Anascorp, the first specific treatment for a scorpion sting by Centruroides scorpions in the United States. It is made from the plasma of horses immunized with scorpion venom and may cause early or delayed allergic reactions in people sensitive to horse proteins. The orphan drug was approved based on a controlled trial of 15 children with neurological signs of scorpion stings.

Complera, a fixed-dose combination drug product containing emtricitabine/rilpivirine/tenofovir DF, for the treatment of HIV in antiretroviral treatment-naive adult patients. The recommended dose is one tablet, containing 200 mg/25 mg/300 mg, respectively, once daily, taken orally with a meal.

Miscellaneous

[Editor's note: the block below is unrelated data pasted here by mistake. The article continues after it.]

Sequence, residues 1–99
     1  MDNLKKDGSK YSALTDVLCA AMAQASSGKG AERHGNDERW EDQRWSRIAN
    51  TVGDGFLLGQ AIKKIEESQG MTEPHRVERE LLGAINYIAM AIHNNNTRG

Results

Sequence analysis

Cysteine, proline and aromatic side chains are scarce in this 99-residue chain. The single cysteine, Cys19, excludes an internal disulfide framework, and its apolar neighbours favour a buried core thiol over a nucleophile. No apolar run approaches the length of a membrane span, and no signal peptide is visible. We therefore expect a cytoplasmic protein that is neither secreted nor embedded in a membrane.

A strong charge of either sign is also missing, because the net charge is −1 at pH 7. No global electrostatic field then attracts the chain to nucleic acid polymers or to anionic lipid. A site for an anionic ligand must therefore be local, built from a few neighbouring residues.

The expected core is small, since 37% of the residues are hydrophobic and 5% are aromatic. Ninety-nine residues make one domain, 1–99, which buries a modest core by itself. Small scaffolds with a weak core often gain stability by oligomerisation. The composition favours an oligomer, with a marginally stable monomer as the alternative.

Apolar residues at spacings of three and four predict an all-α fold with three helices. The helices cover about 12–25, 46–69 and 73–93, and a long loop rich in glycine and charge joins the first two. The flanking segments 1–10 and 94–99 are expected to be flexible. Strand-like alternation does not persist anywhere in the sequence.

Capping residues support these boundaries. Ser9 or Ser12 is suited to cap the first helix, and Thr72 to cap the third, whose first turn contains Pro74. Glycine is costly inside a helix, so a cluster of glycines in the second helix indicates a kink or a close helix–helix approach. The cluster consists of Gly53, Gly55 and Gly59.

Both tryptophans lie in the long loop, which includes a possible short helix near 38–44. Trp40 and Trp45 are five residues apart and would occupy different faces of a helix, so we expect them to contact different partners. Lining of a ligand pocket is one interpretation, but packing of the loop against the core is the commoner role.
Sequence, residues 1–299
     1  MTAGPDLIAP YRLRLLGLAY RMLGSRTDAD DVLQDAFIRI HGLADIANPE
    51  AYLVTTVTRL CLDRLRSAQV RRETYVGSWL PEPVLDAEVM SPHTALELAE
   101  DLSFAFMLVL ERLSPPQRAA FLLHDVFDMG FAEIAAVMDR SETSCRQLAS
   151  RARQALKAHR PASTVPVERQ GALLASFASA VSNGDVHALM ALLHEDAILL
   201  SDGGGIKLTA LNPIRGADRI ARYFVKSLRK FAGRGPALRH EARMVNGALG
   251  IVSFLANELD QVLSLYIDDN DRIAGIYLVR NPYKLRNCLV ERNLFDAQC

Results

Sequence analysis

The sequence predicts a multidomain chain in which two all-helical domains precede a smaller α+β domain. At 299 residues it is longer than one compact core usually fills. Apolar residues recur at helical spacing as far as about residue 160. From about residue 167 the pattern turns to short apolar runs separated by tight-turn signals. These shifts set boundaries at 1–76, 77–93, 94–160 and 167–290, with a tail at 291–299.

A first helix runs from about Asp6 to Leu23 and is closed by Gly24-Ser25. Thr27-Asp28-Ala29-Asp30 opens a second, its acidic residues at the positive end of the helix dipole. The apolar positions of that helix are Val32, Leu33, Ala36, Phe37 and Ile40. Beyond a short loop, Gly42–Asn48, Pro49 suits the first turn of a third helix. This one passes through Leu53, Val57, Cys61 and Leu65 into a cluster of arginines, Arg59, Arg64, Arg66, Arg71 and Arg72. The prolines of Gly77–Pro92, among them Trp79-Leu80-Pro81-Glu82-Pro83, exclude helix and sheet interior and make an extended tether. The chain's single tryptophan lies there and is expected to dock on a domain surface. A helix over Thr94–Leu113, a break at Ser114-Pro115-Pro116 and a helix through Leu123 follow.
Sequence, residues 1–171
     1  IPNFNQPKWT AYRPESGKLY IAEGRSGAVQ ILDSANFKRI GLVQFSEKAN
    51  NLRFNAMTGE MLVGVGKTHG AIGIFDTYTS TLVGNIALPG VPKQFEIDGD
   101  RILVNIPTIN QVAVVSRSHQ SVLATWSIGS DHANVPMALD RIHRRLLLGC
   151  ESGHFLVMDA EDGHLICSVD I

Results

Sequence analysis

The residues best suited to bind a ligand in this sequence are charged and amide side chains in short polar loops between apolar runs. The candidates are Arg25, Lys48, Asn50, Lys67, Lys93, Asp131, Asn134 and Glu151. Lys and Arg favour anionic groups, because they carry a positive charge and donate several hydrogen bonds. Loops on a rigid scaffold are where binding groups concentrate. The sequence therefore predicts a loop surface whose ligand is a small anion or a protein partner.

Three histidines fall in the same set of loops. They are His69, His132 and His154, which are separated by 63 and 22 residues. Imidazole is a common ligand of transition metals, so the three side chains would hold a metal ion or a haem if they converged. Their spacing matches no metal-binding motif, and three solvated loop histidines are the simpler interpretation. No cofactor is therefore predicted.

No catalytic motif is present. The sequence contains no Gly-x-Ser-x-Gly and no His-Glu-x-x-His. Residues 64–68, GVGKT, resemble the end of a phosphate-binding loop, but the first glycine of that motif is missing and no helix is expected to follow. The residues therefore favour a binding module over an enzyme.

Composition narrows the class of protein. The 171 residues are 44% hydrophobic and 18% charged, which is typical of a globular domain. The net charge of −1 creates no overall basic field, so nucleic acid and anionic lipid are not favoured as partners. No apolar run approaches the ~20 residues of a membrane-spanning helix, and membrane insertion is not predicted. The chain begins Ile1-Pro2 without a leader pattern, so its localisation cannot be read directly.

The FDA is currently evaluating whether use of oral bisphosphonate drugs is associated with an increased risk of esophageal cancer, after conflicting findings from studies evaluating the risk. At this time, the agency believes that the benefits of oral bisphosphonate drugs in reducing the risk of serious fractures in people with osteoporosis continue to outweigh their potential risks, and that there are insufficient data to recommend endoscopic screening of asymptomatic patients. However, esophagitis and other esophageal events have been reported, particularly in patients who do not follow the specific directions for use of oral bisphosphonates, so physicians should instruct patients to carefully follow the directions for use. The FDA will continue to evaluate all available data supporting the safety and effectiveness of bisphosphonate drugs and will update the public when more information becomes available.